Price is Right, The (1956-1965)
The original version of The Price is Right was a big hit, owing mainly to the twinkling hostmanship of emcee Bill Cullen. It was basically a giveaway show: Four contestants, apparently chosen primarily for their excitability, would “bid” on various items, trying to guess the manufacturer’s suggested retail price. The one who got the closest without going over would win the item plus (usually) an array of bonus prizes.
The show had three main appeals. One was that you at home could play along, seeing how close you could come to guesstimating the prices. The second appeal was watching the winners going through fits of ecstasy and hysteria to score a free refrigerator or trip to the Bahamas. And the third appeal was Cullen, who was easily one of the cleverest, most congenial hosts to ever preside over a game show.
William Lawrence Cullen was born in Pittsburgh, Pennsylvania in 1920 and broke into radio there during his teen years. By 1946, he was the host of the radio game show, Winner Take All, starting an amazing run of game show jobs both as host and panelist. On radio and television, the list included Act It Out, I’ve Got a Secret, Bank on the Stars, Professor Yes ‘n’ No, The Joker’s Wild, Sports Cavalcade, Blankety Blanks, The Love Experts, The $25,000 Pyramid, Blockbusters, Three on a Match, Chain Reaction, Meet Your Match, To Tell The Truth, Child’s Play, Name That Tune, Where Was I?, Down You Go, The Name’s The Same, Who’s There?, Eye Guess, Why?, Give and Take, Hot Potato, Pass the Buck, Winning Streak, How Do You Like Your Eggs?, Place the Face and You’re Putting Me On.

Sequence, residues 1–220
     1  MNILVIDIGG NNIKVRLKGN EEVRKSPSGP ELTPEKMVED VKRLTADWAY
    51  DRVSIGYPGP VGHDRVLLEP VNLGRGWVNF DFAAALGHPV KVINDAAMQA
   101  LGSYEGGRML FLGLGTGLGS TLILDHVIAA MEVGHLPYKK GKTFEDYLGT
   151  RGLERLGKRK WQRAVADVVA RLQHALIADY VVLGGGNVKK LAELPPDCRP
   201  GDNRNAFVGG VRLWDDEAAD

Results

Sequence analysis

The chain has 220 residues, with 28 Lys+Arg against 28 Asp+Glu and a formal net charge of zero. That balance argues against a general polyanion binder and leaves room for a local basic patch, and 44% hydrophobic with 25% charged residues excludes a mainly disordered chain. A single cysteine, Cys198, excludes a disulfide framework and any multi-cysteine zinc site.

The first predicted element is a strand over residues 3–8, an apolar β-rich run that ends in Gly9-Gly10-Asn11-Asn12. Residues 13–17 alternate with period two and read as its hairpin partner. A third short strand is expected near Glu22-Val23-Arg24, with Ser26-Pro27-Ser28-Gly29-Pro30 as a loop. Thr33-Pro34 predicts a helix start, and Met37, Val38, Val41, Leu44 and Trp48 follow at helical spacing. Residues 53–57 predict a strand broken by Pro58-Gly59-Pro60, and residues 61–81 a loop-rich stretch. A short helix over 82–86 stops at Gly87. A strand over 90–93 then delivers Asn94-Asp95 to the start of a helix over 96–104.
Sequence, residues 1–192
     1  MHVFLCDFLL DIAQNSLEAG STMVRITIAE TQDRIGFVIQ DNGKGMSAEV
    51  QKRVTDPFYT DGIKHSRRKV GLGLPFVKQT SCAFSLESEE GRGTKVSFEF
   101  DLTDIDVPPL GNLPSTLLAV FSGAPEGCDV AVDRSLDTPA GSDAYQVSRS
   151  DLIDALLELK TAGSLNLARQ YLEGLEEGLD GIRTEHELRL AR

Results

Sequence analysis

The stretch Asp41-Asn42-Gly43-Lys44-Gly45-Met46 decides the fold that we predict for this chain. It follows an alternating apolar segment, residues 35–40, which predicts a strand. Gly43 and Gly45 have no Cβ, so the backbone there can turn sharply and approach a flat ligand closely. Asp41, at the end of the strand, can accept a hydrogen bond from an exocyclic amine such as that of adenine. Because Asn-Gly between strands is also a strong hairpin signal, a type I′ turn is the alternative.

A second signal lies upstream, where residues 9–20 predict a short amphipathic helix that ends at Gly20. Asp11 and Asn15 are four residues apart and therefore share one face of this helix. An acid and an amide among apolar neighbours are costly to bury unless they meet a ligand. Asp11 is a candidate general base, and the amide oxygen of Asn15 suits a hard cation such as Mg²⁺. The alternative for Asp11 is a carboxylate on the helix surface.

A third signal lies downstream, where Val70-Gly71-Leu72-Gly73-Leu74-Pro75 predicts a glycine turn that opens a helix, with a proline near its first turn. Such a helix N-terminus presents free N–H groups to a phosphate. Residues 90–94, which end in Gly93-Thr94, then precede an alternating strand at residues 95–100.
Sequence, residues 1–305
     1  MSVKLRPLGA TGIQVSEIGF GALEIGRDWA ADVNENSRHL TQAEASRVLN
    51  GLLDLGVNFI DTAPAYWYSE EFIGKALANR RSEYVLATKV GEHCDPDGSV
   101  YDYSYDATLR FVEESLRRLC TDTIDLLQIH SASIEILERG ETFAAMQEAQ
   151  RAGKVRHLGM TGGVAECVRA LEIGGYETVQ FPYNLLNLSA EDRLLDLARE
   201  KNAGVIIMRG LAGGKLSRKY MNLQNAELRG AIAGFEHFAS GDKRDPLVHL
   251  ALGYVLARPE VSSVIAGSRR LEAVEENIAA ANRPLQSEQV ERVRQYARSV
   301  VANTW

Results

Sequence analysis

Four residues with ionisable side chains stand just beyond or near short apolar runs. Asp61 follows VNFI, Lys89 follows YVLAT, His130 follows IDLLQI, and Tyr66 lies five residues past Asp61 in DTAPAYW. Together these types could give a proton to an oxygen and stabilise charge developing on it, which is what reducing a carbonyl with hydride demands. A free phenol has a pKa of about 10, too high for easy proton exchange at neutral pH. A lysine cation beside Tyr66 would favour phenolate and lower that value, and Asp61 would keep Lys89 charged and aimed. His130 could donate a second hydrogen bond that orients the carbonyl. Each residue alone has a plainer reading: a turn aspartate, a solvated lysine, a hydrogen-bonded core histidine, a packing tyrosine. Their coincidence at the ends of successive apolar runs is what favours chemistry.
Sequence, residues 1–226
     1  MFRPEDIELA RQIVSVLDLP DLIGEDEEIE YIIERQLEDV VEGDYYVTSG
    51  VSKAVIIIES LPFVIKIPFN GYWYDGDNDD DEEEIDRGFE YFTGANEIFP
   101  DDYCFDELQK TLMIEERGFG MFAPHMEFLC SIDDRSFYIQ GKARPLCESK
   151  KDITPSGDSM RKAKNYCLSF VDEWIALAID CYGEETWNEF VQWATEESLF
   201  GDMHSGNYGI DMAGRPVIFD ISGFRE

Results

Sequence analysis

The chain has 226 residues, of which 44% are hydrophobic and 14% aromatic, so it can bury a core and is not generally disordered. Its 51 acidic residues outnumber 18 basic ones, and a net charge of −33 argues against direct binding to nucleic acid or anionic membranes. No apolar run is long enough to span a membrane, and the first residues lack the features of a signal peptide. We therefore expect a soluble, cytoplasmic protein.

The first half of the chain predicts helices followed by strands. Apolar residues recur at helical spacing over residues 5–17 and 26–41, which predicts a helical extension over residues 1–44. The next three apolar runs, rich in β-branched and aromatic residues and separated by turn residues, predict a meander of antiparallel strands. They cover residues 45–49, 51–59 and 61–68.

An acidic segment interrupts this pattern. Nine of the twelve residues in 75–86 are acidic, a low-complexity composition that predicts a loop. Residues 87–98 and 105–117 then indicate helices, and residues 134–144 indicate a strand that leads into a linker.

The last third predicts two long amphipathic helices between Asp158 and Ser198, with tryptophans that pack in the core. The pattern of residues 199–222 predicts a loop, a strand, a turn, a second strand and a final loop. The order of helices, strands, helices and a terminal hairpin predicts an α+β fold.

The Cullen version of The Price is Right aired on NBC in daytime from 1956 until 1963, then shifted to ABC where it lasted until 1965. A weekly prime-time version aired from 1957 until 1964, also traversing both networks. As you can see from the above tickets, they moved around. The first ticket is for the Ziegfeld Theater, which NBC acquired in 1955. It had previously housed musicals including the original Kiss Me Kate and Show Boat. (The last legit offering there was an original musical by Lumpy Brannan, who went on to portray Mr. Green Jeans on the Captain Kangaroo TV show.) A few years before NBC sold the theater and it reverted to Broadway fare, The Price is Right moved to the Colonial and then when the show migrated to ABC, to the Ritz, which is now known as the Walter Kerr Theater.
In 1972, the production company (Goodson-Todman) decided to try and revive The Price is Right. It only took a few run-throughs for Mark Goodson to decide that the format was hopelessly outdated and that a major facelift was in order. The game that had been the core of the Cullen version was pared down to a quick pricing round, via which audience contestants earned the right to come up on stage and play the real game. And the rest is history…